Paper Wallet

Paper wallets were one of the earliest solutions for managing cryptocurrencies, but are also nowadays largely unused. These are simple pieces of paper, on which private keys and addresses are written, or printed in the form of QR codes. Only by importing the keys of a paper wallet into software, or by scanning the QR code via a mobile wallet, can you actually make use of the funds. An impractical solution, which assumes that private keys are immune to hacks as long as they are only on paper.

However, a piece of paper can be stolen, is easy to lose, is easy to destroy, and above all, every paper wallet is ‘disposable‘. It is impossible to transfer only part of the funds, as each outgoing transaction moves the entire balance. By sending just a part of the balance to a second address, the remaining cryptocurrencies would be moved to a change address randomly generated by the blockchain protocol if not manually set, thus causing the irreversible loss of unused funds.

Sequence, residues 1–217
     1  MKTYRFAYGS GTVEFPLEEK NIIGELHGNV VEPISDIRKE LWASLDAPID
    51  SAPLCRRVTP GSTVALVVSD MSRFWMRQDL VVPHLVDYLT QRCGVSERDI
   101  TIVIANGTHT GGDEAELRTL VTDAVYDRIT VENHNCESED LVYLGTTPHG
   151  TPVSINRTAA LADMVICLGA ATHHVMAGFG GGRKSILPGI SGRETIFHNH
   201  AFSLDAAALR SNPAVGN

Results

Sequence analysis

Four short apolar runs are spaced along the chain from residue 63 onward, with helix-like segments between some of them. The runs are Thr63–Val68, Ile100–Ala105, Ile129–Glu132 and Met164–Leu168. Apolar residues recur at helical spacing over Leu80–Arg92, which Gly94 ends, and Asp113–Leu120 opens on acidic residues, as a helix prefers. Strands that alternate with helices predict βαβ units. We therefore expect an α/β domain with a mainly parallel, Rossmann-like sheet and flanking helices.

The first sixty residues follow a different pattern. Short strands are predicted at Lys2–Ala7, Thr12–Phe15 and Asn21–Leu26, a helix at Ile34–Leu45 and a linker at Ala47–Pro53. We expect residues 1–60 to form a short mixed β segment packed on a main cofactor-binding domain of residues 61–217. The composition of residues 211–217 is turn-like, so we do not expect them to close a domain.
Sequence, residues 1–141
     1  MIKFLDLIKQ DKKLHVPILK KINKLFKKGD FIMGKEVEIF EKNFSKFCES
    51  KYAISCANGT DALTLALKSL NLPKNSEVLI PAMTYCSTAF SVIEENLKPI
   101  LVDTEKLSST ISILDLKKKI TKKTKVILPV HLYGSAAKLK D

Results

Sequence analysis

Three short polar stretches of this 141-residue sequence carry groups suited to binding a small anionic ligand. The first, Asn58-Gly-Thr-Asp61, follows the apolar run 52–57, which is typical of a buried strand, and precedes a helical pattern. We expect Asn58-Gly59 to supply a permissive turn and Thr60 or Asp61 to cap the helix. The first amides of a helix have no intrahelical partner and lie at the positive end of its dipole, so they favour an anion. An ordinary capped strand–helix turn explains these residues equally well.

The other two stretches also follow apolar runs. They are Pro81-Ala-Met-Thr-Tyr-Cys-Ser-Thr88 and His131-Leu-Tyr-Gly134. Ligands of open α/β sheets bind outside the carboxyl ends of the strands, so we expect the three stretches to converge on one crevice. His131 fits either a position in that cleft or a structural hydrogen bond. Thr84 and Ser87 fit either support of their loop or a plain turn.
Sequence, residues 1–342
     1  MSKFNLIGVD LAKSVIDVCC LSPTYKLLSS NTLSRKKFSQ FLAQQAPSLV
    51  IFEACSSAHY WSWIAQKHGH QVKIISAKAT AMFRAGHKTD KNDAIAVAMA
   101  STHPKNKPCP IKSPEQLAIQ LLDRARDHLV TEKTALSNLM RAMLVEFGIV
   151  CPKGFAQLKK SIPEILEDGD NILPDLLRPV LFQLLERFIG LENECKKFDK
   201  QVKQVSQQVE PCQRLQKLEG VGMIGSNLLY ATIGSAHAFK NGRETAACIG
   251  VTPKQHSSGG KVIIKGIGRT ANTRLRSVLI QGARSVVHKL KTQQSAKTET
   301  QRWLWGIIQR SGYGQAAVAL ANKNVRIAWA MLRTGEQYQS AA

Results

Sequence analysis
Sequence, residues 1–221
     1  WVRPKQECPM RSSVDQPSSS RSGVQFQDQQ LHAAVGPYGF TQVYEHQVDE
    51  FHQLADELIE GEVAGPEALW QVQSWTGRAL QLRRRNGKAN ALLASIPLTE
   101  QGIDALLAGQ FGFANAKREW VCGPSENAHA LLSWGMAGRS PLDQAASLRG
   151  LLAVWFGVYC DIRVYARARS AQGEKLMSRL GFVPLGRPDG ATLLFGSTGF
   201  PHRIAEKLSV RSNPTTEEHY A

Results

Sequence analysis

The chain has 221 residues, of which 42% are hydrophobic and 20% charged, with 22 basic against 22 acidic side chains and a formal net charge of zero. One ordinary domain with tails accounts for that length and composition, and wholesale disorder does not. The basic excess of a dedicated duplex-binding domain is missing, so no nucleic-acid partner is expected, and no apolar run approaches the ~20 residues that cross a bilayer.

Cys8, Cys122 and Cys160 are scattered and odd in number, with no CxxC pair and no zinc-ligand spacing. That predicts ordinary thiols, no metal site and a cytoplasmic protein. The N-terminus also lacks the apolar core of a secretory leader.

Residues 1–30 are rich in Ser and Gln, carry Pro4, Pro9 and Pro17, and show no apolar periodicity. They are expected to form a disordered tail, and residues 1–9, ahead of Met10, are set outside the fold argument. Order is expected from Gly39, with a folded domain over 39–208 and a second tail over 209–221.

Today, mobile wallets have replaced paper wallets as the solution for proximity exchanges via QR codes, while hardware wallets are the modern alternative for ‘cold’, offline storage.

If you are still undecided* on which type of wallet to choose, you can take a different approach. Start with the cryptocurrencies you want to store or trade, e.g. by considering solutions for Bitcoin, in order to discover the best crypto wallets for you.